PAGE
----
University Hospitals Fertility Clinic Lost Up to 4,000 Frozen Eggs and Embryos

March 12, 2018 | Crandall & Pera Law
University Hospitals Fertility Clinic Lost Up to 4,000 Frozen Eggs and Embryos

University Hospitals Fertility Clinic Lost Up to 4,000 Frozen Eggs and Embryos in Tank Failure

Women choose to freeze their eggs, and couples to freeze embryos, for a lot of reasons. But underneath almost all of them is an undercurrent of hope: that someday, in the future, those eggs or embryos will result in babies. That optimism is what helps many people through a complicated - and expensive - process of extracting, freezing, and (eventually) thawing and implanting.

It is also what makes the freezer malfunction at University Hospitals Fertility Clinic in Cleveland so heartbreaking. According to multiple news sources, something went awry with a long-term storage tank at the facility, which caused the temperature to drop sometime Saturday night (March 3rd) and Sunday morning (March 4th). The Plain Dealer reported "University Hospitals has notified about 700 fertility patients and their families that the frozen eggs and embryos they had stored at one of its hospitals may have been damaged over the weekend when the temperature rose in a storage tank."

Dr. James Liu, Chair of UH Cleveland Medical Center's department of Obstetrics and Gynecology, said there is evidence of damage. However, the only way to know for sure is to thaw out the eggs and embryos. Because the freezing process can damage the specimens, there is no safe way to thaw and then re-freeze the specimens from the tank. He told the paper "Some samples that were unfrozen for scheduled procedures this week were not viable."

As of March 27, 2018, approximately 950 patients are believed to have been affected. In total, more than 4,000 frozen eggs and embryos were lost. You can to read the updated letter from UH Fertility Clinic here.

A horrific coincidence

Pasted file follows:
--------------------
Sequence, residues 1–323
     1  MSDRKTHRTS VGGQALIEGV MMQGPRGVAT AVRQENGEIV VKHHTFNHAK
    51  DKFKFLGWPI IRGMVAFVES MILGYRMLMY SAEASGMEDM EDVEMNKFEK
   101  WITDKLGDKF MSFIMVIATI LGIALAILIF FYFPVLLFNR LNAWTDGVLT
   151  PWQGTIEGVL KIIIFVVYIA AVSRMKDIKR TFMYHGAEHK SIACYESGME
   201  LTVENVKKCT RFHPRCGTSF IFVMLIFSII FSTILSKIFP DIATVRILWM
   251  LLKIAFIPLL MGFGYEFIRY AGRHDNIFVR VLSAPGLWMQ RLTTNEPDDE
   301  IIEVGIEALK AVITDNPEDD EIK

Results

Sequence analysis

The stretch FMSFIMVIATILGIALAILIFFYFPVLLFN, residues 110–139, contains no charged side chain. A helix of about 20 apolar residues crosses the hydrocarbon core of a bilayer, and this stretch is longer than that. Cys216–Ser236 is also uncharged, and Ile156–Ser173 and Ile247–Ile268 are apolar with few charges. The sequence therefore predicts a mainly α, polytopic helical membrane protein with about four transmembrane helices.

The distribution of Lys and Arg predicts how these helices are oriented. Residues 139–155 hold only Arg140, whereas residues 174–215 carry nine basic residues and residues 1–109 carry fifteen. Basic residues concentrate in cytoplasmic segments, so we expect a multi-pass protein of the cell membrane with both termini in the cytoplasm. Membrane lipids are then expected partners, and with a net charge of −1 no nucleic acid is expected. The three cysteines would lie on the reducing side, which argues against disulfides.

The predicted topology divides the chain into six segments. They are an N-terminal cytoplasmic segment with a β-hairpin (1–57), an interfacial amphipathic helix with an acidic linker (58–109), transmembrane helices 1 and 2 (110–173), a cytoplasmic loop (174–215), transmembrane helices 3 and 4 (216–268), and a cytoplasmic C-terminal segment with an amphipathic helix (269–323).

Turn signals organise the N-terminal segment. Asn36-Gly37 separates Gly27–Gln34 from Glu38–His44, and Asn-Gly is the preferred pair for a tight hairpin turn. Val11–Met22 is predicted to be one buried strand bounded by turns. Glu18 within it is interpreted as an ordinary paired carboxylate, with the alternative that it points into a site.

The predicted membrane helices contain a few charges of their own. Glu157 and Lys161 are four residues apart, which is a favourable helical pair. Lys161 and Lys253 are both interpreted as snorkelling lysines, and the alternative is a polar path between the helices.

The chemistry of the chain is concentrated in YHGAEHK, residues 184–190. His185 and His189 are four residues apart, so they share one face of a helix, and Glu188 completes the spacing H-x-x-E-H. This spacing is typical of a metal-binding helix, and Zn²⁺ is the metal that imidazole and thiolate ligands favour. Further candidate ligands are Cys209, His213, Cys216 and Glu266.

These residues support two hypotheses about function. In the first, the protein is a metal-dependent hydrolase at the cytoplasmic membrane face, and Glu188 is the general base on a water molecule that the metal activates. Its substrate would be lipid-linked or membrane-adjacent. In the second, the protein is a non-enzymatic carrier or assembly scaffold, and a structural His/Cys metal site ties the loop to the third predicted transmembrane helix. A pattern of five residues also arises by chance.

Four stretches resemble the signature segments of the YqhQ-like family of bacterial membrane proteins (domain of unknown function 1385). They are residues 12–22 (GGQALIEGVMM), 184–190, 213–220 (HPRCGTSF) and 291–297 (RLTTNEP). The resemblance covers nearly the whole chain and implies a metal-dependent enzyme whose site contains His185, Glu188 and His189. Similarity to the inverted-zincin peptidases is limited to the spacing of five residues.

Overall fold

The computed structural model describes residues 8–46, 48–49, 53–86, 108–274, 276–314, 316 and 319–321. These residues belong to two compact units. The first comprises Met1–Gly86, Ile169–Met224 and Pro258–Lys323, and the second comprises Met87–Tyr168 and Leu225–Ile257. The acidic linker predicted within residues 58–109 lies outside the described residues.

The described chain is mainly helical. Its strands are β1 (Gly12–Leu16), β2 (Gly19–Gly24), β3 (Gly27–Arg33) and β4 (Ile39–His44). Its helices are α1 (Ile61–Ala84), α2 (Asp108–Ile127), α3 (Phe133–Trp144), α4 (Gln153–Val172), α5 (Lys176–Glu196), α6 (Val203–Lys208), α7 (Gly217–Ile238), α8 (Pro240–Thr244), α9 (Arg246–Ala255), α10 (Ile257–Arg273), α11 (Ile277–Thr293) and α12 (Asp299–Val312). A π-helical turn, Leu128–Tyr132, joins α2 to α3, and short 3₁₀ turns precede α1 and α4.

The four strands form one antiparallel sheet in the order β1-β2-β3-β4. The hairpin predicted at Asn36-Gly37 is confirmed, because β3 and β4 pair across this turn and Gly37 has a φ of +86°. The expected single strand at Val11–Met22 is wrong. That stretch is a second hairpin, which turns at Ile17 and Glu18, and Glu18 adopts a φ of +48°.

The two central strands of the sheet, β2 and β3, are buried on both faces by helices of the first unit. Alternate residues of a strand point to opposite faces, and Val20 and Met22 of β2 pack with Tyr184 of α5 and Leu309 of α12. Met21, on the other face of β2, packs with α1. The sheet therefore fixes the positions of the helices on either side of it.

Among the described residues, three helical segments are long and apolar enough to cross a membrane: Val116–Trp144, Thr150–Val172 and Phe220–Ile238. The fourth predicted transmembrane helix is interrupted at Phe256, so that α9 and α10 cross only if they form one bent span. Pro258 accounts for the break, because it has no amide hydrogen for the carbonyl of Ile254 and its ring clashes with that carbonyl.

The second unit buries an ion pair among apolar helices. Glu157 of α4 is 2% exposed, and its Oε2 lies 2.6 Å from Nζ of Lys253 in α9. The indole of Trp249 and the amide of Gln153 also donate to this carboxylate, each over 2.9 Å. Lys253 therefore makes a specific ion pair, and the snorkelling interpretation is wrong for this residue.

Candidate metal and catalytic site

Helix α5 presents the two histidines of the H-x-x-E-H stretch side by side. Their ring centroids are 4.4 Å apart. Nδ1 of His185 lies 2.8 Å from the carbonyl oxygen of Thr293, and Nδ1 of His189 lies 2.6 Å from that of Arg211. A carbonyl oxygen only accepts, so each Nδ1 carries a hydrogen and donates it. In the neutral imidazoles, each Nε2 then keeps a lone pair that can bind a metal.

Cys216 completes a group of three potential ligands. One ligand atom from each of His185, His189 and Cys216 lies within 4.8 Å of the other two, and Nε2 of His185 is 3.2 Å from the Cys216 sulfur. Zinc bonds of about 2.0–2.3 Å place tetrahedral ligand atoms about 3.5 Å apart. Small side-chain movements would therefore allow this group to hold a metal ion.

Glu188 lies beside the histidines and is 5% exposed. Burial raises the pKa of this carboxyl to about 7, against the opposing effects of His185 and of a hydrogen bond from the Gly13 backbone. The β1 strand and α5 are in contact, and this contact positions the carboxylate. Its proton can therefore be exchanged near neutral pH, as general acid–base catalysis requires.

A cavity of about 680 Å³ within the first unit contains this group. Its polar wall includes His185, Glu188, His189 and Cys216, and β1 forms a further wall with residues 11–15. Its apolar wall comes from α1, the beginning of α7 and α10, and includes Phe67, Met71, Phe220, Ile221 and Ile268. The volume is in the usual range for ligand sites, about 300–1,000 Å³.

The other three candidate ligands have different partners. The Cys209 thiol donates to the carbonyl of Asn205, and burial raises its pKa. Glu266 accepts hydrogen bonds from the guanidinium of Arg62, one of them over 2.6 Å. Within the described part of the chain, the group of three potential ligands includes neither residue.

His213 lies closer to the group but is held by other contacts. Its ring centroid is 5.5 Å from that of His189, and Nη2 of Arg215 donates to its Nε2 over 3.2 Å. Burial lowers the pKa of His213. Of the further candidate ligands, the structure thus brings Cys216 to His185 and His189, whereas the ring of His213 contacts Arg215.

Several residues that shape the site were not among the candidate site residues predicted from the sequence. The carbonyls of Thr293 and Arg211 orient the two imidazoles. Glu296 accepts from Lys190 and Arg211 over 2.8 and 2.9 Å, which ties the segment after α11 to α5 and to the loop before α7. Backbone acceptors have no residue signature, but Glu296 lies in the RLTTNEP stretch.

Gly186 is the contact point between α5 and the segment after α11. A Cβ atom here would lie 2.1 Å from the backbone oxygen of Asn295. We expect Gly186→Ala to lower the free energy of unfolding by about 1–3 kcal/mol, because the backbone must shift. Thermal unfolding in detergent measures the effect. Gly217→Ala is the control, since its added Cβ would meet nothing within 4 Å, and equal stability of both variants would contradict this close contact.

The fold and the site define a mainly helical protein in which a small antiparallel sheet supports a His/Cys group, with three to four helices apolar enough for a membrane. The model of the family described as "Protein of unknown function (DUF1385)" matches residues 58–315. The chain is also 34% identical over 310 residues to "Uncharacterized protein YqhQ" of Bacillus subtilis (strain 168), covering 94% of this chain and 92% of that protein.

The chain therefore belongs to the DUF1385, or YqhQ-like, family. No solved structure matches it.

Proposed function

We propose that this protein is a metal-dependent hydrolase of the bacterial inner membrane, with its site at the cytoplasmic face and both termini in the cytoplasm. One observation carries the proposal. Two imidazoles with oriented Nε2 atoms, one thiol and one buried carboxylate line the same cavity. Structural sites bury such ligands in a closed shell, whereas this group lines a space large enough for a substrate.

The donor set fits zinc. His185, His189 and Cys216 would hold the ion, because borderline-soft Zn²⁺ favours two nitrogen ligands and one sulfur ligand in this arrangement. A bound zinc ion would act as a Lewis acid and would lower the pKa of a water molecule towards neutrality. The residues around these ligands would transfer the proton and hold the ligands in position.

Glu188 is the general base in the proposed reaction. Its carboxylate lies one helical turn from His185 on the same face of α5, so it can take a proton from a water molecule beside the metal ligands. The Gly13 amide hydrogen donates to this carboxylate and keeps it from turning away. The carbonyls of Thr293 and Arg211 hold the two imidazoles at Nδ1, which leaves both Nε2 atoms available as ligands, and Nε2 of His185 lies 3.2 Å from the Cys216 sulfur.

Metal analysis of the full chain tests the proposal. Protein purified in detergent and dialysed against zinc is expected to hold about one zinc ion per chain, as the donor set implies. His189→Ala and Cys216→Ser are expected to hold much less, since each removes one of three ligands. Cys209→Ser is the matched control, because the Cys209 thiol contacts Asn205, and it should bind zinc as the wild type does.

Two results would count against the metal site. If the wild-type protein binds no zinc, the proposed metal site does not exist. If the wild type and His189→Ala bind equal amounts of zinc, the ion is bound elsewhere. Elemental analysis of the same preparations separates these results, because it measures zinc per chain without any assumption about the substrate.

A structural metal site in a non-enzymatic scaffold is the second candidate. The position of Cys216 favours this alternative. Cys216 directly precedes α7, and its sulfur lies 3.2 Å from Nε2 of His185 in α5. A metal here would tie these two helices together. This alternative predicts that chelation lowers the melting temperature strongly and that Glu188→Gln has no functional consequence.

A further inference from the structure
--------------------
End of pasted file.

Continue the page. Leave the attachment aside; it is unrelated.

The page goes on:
The same exact weekend, almost the exact same situation unfolded at Pacific Fertility Clinic in San Francisco. CBS News reported that the clinic's President, Dr. Carl Herbert, said close to 400 patients have already been informed, and that officials "also sent out emails explaining what had happened to two other groups -- roughly 100 patients who had tissue in both the problematic tank and another tank, and another, much larger group whose stored eggs and embryos weren't affected."

The clinic has not thawed any embryos, Dr. Herbert said, but they did thaw out some eggs - all of which remained viable. The malfunctioning tank "contained 'several thousand' eggs and embryos. Clinic spokesman Alden Romney said that represents as much as 15 percent of the total stored at the facility," per the Washington Post.

The two clinics are not related or connected in any way.

What happens next?

Dr. Liu told The Plain Dealer that UH is asking each patient directly how he, she or they would like to proceed. Patients who wish to transfer their eggs or embryos to another facility may do so. No discussion has been forthcoming about compensation.

The Clinic does have a telephone number set up for patients who have been contacted about their samples: 216-286-9740. You can also reach out to Clinic here. The facility is located at:

1000 Auburn Dr.
Suite 310
Beachwood, OH 44122

Filing a lawsuit against the University Hospitals Fertility Clinic in Cleveland

Two lawsuits have already been filed against the clinic: the first by a couple in Ohio, and the second by a couple in Pennsylvania. The first lawsuit, on behalf of Amber and Elliot Ash, seeks class action status. The couple had two embryos stored at the facility, both of which have been deemed non-viable. The Pennsylvania couple, which has spent the last eight years trying to conceive, told the Associated Press that "they were beginning the process last week of transferring the frozen embryo when they later were told something went wrong."

Crandall & Pera Law currently accepting additional clients with claims tied to the freezer malfunction at University Hospitals Fertility Clinic in Cleveland. We urge you to contact us if you stored eggs or embryos at the location, or if you have been contacted by UH officials.

Crandall & Pera Law is a premier medical malpractice law firm with offices throughout Ohio and Kentucky. To schedule a no-cost, no-obligation consultation with one of our experienced trial attorneys, please call 877-686-8879 or fill out our contact form.